Moon asked Kim to free South Koreans in NorthSouth Korea has appealed to North Korea for the release of its own citizens, a Blue House spokesman said Wednesday night, after three American detainees were freed in a surprise move ahead of a landmark summit meeting between North Korean leader Kim Jong-un and U.S. President Donald Trump.
In a brief text message to reporters, Yoon Young-chan, President Moon Jae-in’s senior secretary for public affairs, said Moon had asked Kim for the speedy release of six South Korean detainees in the North when the two leaders met on April 27 for their historic summit. It was the first time Moon’s office revealed that they had this conversation. However, Yoon did not mention Kim’s response.
South Korea’s Unification Ministry, which handles relations with the North, believes the regime is holding six South Korean nationals - three Christian missionaries and three North Korean defectors - after they entered the country on their own will. North Korean defectors are given South Korean citizenship once they settle in the South and still considered South Korean citizens by the government even if they re-enter the North.
Since the end of the 1950-53 Korean War, 516 South Koreans are believed to have been kidnapped by the North, but the Unification Ministry does not count them as detainees and has not explicitly said it is working toward their release.
When asked about the reason for counting the six as detainees on Thursday, a ministry official said the three missionaries and one defector had been officially identified in North Korean media as detainees, while the two other defectors had been found by the government “through various routes” to be held as detainees.
The key difference between these six people and the others, the ministry said, is that the six detainees were thought to have entered the North voluntarily.
According to North Korean media reports, Kim Jeong-uk was detained in October 2013, Kim Guk-gi in October 2014 and Choe Chun-gil in December 2014. All three were missionaries.
Kim Jeong-uk was sentenced to life in hard labor on May 30, 2014, on charges of plotting to overthrow the state. The two other missionaries were convicted of the same crime and received the same sentence on June 23, 2015.
A North Korean defector named Ko Hyeon-cheol was detained in May 2016, according to North Korean media reports, but the reports never mentioned whether he stood trial.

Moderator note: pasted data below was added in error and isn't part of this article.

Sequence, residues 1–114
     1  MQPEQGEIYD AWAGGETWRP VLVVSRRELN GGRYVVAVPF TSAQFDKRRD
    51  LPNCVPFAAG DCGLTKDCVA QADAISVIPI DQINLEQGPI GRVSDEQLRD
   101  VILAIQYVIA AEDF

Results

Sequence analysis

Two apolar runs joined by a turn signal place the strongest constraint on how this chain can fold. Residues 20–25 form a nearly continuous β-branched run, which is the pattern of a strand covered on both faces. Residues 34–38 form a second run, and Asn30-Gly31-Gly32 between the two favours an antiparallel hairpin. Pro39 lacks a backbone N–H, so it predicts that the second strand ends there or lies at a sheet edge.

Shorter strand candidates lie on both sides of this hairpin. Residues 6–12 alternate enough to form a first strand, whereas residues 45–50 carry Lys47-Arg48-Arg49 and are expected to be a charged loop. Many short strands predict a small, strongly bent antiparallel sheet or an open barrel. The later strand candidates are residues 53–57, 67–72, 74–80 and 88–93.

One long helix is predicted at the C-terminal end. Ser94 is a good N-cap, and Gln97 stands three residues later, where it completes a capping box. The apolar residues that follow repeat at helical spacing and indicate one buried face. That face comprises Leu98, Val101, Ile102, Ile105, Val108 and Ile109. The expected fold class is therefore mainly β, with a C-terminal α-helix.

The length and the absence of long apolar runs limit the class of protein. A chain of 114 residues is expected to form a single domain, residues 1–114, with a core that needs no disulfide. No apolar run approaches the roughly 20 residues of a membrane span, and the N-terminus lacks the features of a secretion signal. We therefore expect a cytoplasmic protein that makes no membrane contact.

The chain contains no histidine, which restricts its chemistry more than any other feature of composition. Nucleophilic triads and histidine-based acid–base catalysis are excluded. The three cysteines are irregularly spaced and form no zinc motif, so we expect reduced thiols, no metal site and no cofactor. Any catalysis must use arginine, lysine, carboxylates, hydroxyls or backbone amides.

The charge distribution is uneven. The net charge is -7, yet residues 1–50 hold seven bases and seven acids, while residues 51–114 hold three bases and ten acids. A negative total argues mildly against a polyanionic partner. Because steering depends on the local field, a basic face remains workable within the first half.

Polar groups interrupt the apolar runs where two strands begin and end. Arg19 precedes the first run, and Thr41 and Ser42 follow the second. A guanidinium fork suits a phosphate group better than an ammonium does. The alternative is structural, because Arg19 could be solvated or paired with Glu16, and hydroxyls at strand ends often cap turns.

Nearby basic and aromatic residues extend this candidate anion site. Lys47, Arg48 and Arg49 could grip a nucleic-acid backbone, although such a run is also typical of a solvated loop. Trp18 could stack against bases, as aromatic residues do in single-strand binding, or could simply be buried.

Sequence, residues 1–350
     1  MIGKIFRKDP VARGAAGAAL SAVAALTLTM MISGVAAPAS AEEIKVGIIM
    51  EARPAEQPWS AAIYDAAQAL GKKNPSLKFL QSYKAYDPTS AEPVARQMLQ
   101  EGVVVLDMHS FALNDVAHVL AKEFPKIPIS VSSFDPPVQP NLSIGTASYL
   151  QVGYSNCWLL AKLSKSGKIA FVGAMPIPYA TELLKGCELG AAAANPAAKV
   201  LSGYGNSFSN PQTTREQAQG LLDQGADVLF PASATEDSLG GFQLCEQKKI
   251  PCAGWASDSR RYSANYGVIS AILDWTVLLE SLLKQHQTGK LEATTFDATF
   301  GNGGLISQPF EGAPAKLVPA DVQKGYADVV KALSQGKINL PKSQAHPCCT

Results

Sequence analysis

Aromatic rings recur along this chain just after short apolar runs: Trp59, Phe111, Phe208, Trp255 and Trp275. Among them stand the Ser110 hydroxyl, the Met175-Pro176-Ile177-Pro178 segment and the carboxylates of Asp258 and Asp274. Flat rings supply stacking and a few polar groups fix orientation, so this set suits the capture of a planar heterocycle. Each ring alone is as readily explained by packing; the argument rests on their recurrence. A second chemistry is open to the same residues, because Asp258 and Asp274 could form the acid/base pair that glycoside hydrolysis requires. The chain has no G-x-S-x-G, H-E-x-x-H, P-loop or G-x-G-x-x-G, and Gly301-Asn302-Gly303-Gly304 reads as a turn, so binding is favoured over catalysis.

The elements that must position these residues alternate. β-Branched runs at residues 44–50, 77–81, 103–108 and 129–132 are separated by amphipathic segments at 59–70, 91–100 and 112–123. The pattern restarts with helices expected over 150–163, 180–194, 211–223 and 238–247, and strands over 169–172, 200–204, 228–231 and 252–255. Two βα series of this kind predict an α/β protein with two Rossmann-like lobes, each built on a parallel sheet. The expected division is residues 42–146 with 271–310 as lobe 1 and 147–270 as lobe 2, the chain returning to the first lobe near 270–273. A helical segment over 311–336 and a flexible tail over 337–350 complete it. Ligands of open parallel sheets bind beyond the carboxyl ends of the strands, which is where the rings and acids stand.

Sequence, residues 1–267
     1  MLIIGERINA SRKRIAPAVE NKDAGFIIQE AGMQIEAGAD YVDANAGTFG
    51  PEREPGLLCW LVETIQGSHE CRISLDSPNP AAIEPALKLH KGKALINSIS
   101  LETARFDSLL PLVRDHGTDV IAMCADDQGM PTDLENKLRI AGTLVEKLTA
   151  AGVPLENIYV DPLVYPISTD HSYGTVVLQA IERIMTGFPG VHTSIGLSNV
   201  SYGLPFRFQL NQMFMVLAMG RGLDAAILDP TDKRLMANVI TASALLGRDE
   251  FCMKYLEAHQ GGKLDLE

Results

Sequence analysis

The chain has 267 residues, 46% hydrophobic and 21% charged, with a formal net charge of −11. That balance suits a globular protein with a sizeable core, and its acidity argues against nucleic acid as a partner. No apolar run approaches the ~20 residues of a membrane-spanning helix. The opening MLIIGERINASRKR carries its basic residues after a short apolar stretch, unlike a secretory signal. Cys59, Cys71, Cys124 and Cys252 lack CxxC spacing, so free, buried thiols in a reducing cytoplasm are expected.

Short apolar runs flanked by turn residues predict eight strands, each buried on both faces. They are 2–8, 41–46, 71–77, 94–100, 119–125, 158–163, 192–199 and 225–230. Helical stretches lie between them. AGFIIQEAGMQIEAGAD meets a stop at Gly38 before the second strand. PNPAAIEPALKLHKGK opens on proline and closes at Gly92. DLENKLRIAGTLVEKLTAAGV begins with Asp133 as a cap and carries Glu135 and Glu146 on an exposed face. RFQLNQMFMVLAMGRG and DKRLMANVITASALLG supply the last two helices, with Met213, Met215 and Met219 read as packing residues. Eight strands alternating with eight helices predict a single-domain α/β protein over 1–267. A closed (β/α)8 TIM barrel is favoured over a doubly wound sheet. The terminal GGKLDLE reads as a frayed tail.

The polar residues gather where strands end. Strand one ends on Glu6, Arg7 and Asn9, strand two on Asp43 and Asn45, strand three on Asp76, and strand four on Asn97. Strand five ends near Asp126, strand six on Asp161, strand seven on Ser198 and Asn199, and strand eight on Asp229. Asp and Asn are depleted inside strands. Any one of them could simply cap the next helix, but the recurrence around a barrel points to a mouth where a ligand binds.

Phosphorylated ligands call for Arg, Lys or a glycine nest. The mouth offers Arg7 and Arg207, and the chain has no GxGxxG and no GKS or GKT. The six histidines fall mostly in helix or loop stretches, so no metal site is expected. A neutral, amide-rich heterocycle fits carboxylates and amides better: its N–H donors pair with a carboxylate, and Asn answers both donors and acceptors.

The Unification Ministry has not disclosed the identities of the other two defectors, citing their personal safety. It remains unclear whether the six detainees are still alive, and the North has never mentioned their fate after trial.
A South Korean government official who spoke on the condition of anonymity on Thursday said Seoul was looking forward to bringing up the issue in future high-level meetings with North Korea, one that could possibly come as early as next week.
The issue of South Korean detainees was not explicitly mentioned in the Panmunjom Declaration signed between Moon and Kim on April 27, but officials in Seoul said they were hopeful that an agreement on humanitarian issues could lay the groundwork.
Both Koreas agreed to “swiftly resolve the humanitarian issues that resulted from the division of the nation,” namely the reunion of families separated by the war.
Ahn Chan-il, head of the World Institute for North Korea Studies, said talks between the two countries on the detainee issue could be deadlocked because the North wants the release of 12 workers who defected from a restaurant in China run by North Korea in April 2016. The North claims they were kidnapped by South Korea’s spy agency while South Korea argues they defected voluntarily.
“North Korea released the three Americans because there was some sort of deal in another area,” said Ahn, who served in the North Korean army near the border village of Panmunjom before defecting to South Korea in 1979. “North Koreans never give for free.”
Kenneth Bae, an American missionary who was held in North Korea from Nov. 3, 2012, to Nov. 8, 2014, for trying to overthrow the government, believes the country won’t be freeing the South Koreans anytime soon, because doing so might shed fresh light on its human rights abuses.
“If they return to South Korea and reveal all that they went through in the North, it might cause huge repercussions,” Bae said.
BY LEE SUNG-EUN [firstname.lastname@example.org]